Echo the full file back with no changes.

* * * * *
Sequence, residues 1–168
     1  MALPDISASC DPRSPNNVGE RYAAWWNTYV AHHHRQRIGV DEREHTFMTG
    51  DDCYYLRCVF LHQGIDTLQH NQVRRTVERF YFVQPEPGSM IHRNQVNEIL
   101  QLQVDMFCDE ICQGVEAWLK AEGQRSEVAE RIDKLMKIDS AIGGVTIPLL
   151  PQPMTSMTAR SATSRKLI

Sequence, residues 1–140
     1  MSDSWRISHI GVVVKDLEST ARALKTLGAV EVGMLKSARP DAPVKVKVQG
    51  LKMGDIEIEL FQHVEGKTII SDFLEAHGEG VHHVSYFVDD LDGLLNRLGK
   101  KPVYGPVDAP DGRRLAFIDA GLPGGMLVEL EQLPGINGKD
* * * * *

Sequence, residues 1–168
     1  MALPDISASC DPRSPNNVGE RYAAWWNTYV AHHHRQRIGV DEREHTFMTG
    51  DDCYYLRCVF LHQGIDTLQH NQVRRTVERF YFVQPEPGSM IHRNQVNEIL
   101  QLQVDMFCDE ICQGVEAWLK AEGQRSEVAE RIDKLMKIDS AIGGVTIPLL
   151  PQPMTSMTAR SATSRKLI

Sequence, residues 1–140
     1  MSDSWRISHI GVVVKDLEST ARALKTLGAV EVGMLKSARP DAPVKVKVQG
    51  LKMGDIEIEL FQHVEGKTII SDFLEAHGEG VHHVSYFVDD LDGLLNRLGK
   101  KPVYGPVDAP DGRRLAFIDA GLPGGMLVEL EQLPGINGKD